Nokia can at least focus Symbian and QT on their medium to low end phones targeted to users that have no (or little) interest in apps. I am really curious what would happen if Apple were to enter the low end phone market.

As Newtron showed, Android marketshare in the US is growing fast, although much of that has to do with the iPhone being AT&T-exclusive. Also, Android marketshare is growing quite quickly worldwide, even in some multicarrier iPhone markets.

Quote:
Originally Posted by esummers View Post

The only advantage I see to Android is that some developers (or clients commissioning apps) want to target it at a loss (with a more limited version usually) because it is the only non-Apple platform that feels like it may have some kind of future success because it is multi-vendor.

The only two multivendor solutions I see are Android and Windows Phone 7. I doubt HP will license WebOS, and RIM will never license BlackBerry.

Quote:
Originally Posted by solipsism View Post

It’s simple, but I’ll use bullet points to try to make it very clear because at this point there aren’t many viable options for Nokia…
  • Nokia has extensive handset knowledge.
  • Nokia has a very strong support for their products (when they are building decent products), much like Apple.
  • Nokia’s largest flaw is their OS.
  • Nokia can spend years trying to make their own modern, Linux-based mobile OS while losing even more marketshare and potentially losing any real smartphone business and name or they take the free Android as their base and button it up in way that Verizon, Sprint, Moto or HTC could come close to making their Nokia phones the best Android-bsed phones on the market.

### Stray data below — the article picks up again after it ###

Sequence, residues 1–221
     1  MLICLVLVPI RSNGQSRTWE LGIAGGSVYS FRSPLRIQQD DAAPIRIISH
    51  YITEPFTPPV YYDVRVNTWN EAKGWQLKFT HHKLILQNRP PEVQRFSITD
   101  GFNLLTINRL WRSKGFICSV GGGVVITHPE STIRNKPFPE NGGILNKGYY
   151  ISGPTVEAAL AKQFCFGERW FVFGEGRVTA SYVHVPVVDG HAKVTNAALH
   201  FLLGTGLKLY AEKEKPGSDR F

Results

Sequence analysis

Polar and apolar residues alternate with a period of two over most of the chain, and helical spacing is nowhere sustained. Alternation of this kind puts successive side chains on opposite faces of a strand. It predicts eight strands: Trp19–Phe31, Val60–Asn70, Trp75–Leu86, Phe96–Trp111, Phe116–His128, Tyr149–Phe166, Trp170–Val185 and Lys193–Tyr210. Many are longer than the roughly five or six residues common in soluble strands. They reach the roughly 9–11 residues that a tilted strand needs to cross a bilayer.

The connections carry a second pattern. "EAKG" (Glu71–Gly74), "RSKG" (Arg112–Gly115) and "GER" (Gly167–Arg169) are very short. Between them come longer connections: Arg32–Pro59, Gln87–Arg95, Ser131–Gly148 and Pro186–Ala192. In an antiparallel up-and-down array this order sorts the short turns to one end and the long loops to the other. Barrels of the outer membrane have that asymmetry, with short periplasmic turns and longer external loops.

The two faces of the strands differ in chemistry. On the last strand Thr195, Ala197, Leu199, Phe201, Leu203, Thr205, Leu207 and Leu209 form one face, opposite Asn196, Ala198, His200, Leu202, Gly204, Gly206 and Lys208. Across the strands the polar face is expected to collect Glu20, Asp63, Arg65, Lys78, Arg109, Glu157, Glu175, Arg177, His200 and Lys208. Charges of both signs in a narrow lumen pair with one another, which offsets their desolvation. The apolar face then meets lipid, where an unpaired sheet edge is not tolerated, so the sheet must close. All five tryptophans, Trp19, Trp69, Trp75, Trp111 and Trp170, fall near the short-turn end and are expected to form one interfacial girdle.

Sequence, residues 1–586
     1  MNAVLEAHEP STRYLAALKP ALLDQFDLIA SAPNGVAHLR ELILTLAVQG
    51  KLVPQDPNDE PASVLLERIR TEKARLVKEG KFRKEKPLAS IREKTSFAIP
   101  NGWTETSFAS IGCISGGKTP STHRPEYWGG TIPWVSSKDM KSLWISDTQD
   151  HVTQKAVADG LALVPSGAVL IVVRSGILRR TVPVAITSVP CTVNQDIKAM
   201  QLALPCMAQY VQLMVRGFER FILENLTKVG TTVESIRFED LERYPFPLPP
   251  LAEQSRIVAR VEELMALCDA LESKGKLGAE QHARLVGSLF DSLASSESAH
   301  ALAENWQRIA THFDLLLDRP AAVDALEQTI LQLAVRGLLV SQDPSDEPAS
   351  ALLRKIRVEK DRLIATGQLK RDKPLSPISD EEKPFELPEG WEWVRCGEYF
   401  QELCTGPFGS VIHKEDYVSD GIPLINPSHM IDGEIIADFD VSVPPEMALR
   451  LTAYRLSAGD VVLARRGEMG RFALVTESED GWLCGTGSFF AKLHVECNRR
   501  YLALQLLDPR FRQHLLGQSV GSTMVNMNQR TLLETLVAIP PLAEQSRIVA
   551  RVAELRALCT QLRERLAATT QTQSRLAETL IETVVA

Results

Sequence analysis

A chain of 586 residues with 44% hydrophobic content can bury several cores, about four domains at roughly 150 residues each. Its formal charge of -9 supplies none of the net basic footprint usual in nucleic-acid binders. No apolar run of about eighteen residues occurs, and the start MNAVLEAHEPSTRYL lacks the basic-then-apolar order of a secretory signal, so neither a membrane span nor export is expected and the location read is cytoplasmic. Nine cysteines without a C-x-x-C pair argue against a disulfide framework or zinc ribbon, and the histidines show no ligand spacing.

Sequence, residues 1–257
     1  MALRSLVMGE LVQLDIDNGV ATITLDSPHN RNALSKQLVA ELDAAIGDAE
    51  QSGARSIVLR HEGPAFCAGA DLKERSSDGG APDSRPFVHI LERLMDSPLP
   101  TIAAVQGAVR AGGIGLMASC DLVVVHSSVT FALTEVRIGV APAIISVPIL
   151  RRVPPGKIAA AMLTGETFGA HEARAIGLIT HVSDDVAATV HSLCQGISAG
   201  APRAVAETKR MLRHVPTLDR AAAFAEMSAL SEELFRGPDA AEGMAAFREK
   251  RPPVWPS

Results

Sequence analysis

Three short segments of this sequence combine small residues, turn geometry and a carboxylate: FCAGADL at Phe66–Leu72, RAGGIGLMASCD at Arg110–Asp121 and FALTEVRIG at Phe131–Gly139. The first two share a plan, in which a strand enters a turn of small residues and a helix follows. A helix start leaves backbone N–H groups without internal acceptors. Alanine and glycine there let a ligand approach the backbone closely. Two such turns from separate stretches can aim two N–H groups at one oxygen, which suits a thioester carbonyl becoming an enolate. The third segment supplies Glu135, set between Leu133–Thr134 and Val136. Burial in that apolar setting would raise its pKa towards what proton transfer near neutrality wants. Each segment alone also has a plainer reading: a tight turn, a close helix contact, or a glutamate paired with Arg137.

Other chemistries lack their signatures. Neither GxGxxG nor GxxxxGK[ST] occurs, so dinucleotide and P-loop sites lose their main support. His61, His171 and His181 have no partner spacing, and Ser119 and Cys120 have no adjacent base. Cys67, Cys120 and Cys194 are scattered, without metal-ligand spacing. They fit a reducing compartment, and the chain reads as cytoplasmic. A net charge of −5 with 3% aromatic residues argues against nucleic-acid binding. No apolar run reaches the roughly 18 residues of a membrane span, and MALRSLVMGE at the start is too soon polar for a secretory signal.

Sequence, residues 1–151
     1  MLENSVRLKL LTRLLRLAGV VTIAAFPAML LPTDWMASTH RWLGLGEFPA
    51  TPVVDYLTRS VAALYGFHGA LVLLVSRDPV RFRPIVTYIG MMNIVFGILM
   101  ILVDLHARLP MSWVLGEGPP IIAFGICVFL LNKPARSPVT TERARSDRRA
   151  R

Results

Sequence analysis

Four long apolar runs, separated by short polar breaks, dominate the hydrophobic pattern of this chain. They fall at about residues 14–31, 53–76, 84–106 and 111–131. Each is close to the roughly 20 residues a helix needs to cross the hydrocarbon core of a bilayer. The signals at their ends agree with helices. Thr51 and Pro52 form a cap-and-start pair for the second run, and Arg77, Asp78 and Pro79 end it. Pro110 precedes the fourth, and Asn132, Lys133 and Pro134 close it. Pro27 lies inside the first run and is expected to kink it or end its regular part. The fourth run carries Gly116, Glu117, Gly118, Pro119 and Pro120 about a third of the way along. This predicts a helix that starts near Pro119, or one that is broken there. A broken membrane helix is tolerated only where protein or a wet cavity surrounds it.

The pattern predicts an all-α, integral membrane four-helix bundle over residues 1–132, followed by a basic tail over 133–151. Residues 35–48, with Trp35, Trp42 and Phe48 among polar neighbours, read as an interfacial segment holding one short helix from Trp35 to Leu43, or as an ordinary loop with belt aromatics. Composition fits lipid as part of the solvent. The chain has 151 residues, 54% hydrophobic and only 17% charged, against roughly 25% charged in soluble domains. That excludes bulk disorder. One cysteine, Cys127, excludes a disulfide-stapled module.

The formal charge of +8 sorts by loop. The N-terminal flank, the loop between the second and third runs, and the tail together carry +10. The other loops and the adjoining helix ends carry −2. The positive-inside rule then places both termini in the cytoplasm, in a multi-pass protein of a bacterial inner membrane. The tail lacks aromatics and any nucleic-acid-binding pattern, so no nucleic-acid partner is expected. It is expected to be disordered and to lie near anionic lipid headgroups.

And they don’t even have to market it as Android, because they are getting is that modern foundation to create a platform that is uniquely Nokia, with Nokia’s DNA, and Nokia expertise.

Only one problem: Patent lawsuits.

Let me explain: Nokia has refused to put OGG Vorbis and Theora support in its phones, because they fear that someday, a patent pool may sue them for doing so. No one has sued anyone on OGG patent infringement, and yet there's enough concern in the industry for Nokia and Apple, among other companies, to avoid OGG completely.

Meanwhile, there is a lawsuit on Android -- a big one. Oracle's suing Google for breaking Java patents. For all Nokia knows, if Oracle wins, then they may start suing every single Android phone maker, looking for severe penalties on every single Android phone they ever sold. Why would Nokia shun a technology that has never had a deep patent infringement lawsuit, and then embrace another technology that does have a patent suit out there in the open? It makes no sense.